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Matthias Weller

NIKI continued (now in Austria)

Written by Lukas Schmidt, Research Fellow at the Center for Transnational Commercial Dispute Resolution (TCDR) of the EBS Law School, Wiesbaden, Germany

The Regional Court Korneuburg has opened a main insolvency proceeding – not a secondary insolvency proceeding that the German provisional administrator has applied for – on the assets of NIKI Luftfahrt GmbH in Austria (see here). Therefore, it obviously shares the view of the Regional Court of Berlin that NIKI’s COMI is located in Austria and not Germany.

NIKI continued

Written by Lukas Schmidt, Research Fellow at the Center for Transnational Commercial Dispute Resolution (TCDR) of the EBS Law School, Wiesbaden, Germany

The Spanish airline Vueling Airlines S.A. is still intending to acquire large parts of the NIKI business. Vueling is part of the European aviation group IAG, which also includes British Airways, Iberia, Aer Lingus and LEVEL. The provisional insolvency administrator of NIKI Luftfahrt GmbH, therefore, will continue to drive forward the sales process. Vueling has provided interim financing of up to € 16.5 million to finance the NIKI business until the closing of the purchase agreement. This funding is only sufficient for a few weeks.

NIKI, COMI, Air Berlin and Art. 5 EIR recast

Written by Lukas Schmidt, Research Fellow at the Center for Transnational Commercial Dispute Resolution (TCDR) of the EBS Law School, Wiesbaden, Germany.

The Regional Court of Berlin has, on the basis of the immediate appeal against the order of the provisional insolvency administration on the assets of NIKI Luftfahrt GmbH (under Austrian law), repealed the decision of the District Court of Charlottenburg (see here) as it finds that international jurisdiction lies with Austrian and not German courts. In its decision, the regional court has dealt with the definition of international jurisdiction, which is based on the debtor’s centre of main interests (‘COMI’). According to the provisions of the European Insolvency Regulation, that is the place where the debtor usually conducts the administration of its interests and that is ascertainable by third parties.

The upcoming negotiations regarding the United Kingdom’s exit from the European Union are of great interest to politicians, economists, the public and academics. The withdrawal agreement will set the course for the economic relations between the EU and the UK, while taking into account that it might have a considerable impact on the binding strengths of the European integration.

By Stephan Walter, Research Fellow at the Research Center for Transnational Commercial Dispute Resolution (TCDR), EBS Law School, Wiesbaden, Germany.

In light of the success of the first German conference for young PIL scholars, held in April 2017 in Bonn (see the recent announcement of the conference volume as well as the conference report), we would like to continue the academic and personal exchange with a second conference. It will take place on 4 and 5 April 2019 at the University of Würzburg (Germany). The key note will be given by Professor Jürgen Basedow (emeritus director at the Max Planck Institute for Comparative and International Private Law).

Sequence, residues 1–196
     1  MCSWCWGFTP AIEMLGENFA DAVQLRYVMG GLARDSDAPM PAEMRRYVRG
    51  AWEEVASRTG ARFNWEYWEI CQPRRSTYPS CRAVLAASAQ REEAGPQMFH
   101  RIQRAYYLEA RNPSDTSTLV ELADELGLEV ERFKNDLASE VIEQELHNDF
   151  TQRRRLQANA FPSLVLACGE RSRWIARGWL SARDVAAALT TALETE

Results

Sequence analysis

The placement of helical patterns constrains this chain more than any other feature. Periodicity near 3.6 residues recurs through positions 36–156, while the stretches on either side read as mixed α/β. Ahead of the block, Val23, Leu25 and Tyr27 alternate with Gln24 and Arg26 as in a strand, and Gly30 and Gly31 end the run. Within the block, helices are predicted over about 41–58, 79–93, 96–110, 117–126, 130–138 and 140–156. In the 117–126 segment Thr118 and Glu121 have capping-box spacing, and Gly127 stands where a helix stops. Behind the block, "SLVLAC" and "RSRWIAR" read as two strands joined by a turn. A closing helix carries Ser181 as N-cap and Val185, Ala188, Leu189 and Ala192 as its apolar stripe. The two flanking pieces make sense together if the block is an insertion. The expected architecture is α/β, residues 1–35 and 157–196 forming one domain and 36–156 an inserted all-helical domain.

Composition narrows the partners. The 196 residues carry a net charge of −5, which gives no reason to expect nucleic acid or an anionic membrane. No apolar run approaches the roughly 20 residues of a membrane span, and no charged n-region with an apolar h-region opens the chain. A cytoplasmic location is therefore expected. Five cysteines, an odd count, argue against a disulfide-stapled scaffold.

Written by Antonella Nolten, Research Fellow at the EBS Law School, Wiesbaden, Germany

On 22 November 2017 the Academy of European Law (ERA) hosted a conference on the recent developments on the Proposal for a Digital Content Directive in Brussels.

Written by Lukas Schmidt, Research Fellow at the Center for Transnational Commercial Dispute Resolution (TCDR) of the EBS Law School, Wiesbaden, Germany

With International Insolvency Law Part II having been published, Bob Wessels’ 10 volume series ‘Insolventierecht’ (Insolvency Law) is now completed in its 4th edition. The publication comprehensively deals with the European Insolvency Regulation Recast as entered into force on 26 June 2017, while International Insolvency Law: Part I Global Perspectives on Cross-Border Insolvency Law, already published at the end of 2015, covers the core concepts of Cross-Border Insolvency Law, other regional frameworks than the EIR and relevant instruments of soft law.

Written by Stephan Walter, Research Fellow at the Research Center for Transnational Commercial Dispute Resolution (TCDR), EBS Law School, Wiesbaden, Germany.

Today, Advocate General Bobek delivered his opinion in Schrems (Case C-498/16) on the interpretation of Articles 15 and 16 of Regulation No 44/2001.

The European Parliamentary Research Service (EPRS) has published the results on its Study “Cross-border restitution claims of looted works of art and cultural goods”. The objective of the Study is described as follows:

On 2 and 3 November 2017, the Radboud University at Nijmegen hosted the 9th Transnational Commercial Law Teachers’ Meeting. In these meetings, teachers of transnational commercial law from all over the world gather to discuss fundamental issues and core instruments of unified or harmonized commercial law as laid down in the “bible” of transnational commercial law by Roy Goode, Herbert Kronke and Ewan McKendrick (see here), but also current trends and teaching methods.